WF: Not really (small laugh). By the time you get to Australia after two years of building a car you're going to be pretty good friends.

 


Your Chance to Direct CleanTechnica!!

Posted: 11 Jun 2012 03:34 AM PDT

 
It’s that time again — time for a CleanTechnica reader survey, our 2nd annual reader survey!

I think this should take about 1-2 minutes to complete (unless you have a lot of extra comments to make). And, if you have been following CleanTechnica for very long at all, I think you well know that we really will be taking your answers into account.

If you have any additional comments, you can enter them like normal in the comments below, or you can send me a private message via our CleanTechnica Facebook page or via Google+ (my personal account).

Here’s the survey (you can complete it below or via this link):

 


Vestas Looks to Latin America as US Wind Energy Expected to Fall 80%

Posted: 11 Jun 2012 03:03 AM PDT

 

Vestas continues to make headway as it looks to Latin American markets to make up for what’s expected to be drastically reduced demand for wind turbines in the US if Congress fails to renew the wind energy production tax credit (PTC). The world’s leading wind turbine manufacturer has completed an agreement with Alba de Nicaragua S.A. (Albanisa) that includes the sale of 22 V100-1.8 MW wind turbines.

The V100-1.8 MW turbines are to be installed on-site at Albanisa’s planned 39.6-MW Alba Rivas wind farm located in Hacienda La Fe. In addition to supplying and commissioning the wind turbines, the contract entails Vestas providing a VestasOnline Business SCADA (Supervisory Control and Data Acquisition) system and a five-year, full-service AOM 4000 maintenance and service agreement, according to a Vestas press release.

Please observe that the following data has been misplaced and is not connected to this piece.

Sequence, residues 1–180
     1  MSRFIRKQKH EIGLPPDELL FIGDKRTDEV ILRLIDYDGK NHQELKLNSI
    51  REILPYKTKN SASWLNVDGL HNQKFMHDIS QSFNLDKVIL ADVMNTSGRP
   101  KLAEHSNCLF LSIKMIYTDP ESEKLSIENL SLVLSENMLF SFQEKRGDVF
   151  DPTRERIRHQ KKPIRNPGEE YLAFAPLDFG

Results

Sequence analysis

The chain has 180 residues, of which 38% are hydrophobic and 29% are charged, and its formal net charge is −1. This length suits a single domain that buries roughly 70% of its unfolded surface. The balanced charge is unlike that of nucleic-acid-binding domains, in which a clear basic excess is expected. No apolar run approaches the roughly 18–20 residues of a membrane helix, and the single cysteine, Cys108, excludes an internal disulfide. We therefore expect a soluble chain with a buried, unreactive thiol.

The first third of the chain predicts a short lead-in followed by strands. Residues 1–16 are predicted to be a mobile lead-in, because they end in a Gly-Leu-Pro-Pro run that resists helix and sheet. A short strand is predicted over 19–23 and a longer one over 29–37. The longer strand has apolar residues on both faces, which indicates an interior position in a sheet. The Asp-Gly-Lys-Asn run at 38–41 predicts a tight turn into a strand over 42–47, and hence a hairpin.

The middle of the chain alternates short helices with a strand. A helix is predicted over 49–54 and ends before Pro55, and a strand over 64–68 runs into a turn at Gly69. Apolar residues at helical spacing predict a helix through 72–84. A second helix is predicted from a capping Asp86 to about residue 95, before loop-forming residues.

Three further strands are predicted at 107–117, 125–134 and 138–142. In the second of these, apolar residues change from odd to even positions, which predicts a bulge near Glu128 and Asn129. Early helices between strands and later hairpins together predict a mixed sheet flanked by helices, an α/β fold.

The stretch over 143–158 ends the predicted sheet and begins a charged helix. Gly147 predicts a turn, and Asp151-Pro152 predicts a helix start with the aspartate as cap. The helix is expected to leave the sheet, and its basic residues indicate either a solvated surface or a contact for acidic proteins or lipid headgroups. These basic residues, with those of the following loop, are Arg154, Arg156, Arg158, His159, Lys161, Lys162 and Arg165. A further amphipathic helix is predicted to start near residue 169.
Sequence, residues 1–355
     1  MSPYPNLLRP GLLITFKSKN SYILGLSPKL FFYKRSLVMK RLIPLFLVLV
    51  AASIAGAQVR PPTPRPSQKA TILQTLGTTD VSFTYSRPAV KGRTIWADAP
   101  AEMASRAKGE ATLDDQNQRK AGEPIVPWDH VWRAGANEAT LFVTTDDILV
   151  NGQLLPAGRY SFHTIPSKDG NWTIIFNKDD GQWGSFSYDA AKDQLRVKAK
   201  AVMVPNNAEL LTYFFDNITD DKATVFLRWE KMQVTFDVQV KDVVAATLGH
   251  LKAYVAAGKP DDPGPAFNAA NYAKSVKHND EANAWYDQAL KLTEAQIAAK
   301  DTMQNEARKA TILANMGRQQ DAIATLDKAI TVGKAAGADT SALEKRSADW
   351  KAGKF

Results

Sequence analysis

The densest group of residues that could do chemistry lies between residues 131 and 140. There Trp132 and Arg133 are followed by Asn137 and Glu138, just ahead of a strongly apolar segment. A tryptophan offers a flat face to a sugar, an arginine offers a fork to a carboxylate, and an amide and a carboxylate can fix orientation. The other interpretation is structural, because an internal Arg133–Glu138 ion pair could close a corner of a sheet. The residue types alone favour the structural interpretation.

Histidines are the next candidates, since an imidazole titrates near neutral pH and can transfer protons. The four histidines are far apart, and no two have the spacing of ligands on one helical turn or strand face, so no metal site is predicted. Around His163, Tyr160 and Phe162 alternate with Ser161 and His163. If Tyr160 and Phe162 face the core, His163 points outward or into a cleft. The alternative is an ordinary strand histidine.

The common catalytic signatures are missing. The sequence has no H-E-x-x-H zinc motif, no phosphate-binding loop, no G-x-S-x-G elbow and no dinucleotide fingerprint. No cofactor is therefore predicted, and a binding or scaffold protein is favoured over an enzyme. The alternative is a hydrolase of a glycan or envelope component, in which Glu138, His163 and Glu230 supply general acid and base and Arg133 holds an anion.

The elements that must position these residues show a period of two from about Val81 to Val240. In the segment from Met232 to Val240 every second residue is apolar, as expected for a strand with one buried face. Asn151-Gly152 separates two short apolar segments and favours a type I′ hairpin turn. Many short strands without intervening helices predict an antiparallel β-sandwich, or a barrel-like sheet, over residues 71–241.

Emerging Latin America Wind Energy Markets

Producing some 180 GWh of clean, renewable electricity per year, the Alba La Rivas wind power farm will avoid around 36,400 tons of annual CO2 emissions as compared to the Nicaraguan average for electricity generation. Delivery of the first turbines is expected in Q4, with the wind farm expected to be operational in Q2 2013.

Latin America is playing an increasingly prominent role in wind energy industry participants’ sales and business development plans, given ongoing economic weakness and troubles in Europe and the looming expiration of the wind energy PTC in the US. Vestas CEO Ditlev Engel today told EU European Affairs ministers that 2012 will be a very busy year in the US as wind energy project developers rush to start installations before the wind energy PTC expiration deadline.

That will prove to be a final rush of wind turbine orders from the US, however, he added. The prospect of Congress renewing the PTC before expiration is dim given this is an election year. The result: Engel and Vestas senior management expect the US wind turbine market will plummet 80% in 2013.

"Vestas is focused on developing new business opportunities in the Latin American markets and this project is a good example of this goal,” commented Juan Araluce, chief sales officer of Vestas Wind Systems A/S and acting president of Vestas Mediterranean.

“Our commitment with the expansion of the wind energy industry will bring a clean, competitive and predictable energy source into the Nicaraguan energy mix while contributing to the development of local quality employment and competencies. We are pleased to have been chosen as Alba de Nicaragua´s partner."

Vestas’ contract with Albanisa follows the signing of a contract that includes supplying 39.6 MW of its wind turbines for the La Fe – San Martin Wind Farm in Nicaragua, which is due to be connected to the grid in June.